- A spinning or whirling sensation
- Nausea or vomiting
- The feeling of swaying or tilting over to one side
- Feeling unbalanced, unsteady
- Falling, sometimes called drop attacks when associated with severe vertigo
- Abnormal eye movements called nystagmus
- Rapid heart rate
- Double vision
To learn more about the connection between head and neck injuries and vertigo download our complimentary e-book by clicking the image below.
What are the Common Causes of Vertigo?
There are many causes of vertigo, ranging from simple to complex. However, the majority of vertigo cases are related to the following conditions:
Benign paroxysmal positional vertigo, usually abbreviated as BPPV, is a very common cause of brief but intense vertigo episodes. A BPPV episode is generally experienced with a quick change in head position, such as rolling over in bed or bending down to tie a shoe. The cause is misplaced calcium crystals called otoconia that become dislodged and migrate into an area of the inner ear where they disturb normal fluid movement and balance signals sent over the nerves to the brain.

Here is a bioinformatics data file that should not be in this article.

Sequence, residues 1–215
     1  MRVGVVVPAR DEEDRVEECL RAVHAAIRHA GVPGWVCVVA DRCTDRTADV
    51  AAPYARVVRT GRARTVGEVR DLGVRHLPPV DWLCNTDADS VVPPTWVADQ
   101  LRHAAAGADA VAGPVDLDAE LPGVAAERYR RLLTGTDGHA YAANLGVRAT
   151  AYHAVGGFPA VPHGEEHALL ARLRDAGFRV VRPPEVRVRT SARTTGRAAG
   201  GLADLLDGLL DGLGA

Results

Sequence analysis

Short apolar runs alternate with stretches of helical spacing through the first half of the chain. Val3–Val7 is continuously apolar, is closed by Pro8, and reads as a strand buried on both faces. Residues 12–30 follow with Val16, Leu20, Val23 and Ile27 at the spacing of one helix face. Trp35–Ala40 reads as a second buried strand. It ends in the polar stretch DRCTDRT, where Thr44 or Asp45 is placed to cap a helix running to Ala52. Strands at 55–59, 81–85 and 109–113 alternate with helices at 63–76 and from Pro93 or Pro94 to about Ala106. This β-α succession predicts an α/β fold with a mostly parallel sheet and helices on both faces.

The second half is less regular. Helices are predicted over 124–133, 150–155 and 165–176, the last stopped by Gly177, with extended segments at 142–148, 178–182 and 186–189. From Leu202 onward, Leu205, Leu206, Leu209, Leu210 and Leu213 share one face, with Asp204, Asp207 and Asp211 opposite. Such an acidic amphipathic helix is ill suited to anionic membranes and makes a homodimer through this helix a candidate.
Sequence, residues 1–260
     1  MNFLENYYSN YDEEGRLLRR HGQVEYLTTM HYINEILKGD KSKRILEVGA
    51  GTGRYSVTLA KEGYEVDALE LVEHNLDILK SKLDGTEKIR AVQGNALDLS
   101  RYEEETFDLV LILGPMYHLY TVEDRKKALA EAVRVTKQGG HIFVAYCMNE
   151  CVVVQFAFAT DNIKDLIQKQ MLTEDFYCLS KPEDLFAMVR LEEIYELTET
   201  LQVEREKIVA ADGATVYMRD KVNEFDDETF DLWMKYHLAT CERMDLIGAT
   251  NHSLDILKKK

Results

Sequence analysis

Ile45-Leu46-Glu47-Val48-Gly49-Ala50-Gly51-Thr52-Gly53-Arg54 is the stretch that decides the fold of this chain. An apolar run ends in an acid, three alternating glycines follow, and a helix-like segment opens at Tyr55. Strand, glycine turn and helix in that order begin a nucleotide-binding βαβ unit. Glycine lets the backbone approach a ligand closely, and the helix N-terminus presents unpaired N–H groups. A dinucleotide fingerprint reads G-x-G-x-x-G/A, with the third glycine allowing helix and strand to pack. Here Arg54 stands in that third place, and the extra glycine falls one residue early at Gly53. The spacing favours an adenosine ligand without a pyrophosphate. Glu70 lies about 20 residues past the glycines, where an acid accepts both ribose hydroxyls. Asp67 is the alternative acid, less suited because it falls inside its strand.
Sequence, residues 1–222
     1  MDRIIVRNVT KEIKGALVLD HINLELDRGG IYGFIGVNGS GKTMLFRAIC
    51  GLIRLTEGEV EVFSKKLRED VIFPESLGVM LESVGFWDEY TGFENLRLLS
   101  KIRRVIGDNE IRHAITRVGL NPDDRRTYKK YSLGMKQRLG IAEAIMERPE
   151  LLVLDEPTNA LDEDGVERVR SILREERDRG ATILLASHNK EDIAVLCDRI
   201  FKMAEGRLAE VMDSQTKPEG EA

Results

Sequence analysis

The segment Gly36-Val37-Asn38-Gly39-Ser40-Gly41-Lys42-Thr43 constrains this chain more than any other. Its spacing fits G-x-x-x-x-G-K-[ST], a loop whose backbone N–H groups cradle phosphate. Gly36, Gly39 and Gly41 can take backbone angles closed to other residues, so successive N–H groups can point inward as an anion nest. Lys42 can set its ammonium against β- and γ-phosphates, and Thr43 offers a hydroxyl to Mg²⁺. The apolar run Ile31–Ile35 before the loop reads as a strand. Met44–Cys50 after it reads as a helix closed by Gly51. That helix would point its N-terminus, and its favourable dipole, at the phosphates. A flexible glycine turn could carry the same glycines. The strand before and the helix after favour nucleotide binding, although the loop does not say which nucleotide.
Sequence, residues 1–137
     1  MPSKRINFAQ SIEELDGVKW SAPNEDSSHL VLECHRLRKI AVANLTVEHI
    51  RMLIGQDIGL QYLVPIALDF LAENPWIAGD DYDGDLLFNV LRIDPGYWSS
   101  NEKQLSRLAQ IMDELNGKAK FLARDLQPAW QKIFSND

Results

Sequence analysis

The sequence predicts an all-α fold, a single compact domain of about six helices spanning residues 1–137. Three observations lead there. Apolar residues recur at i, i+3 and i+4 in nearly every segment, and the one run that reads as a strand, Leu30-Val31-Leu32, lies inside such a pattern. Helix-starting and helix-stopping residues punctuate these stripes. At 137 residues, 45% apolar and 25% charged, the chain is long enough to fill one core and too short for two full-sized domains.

From the common cold to an infection that inflames the vestibular nerve, a virus can cause vertigo that is consistent rather than episodic (comes and goes). Two common conditions related to viral infection are vestibular neuritis and labyrinthitis.
Caused by excess fluid buildup in the inner ear, Meniere’s disease is characterized by the feeling of fullness/pressure in the ear, sudden vertigo attacks, ringing in the ear, and fluctuating hearing loss.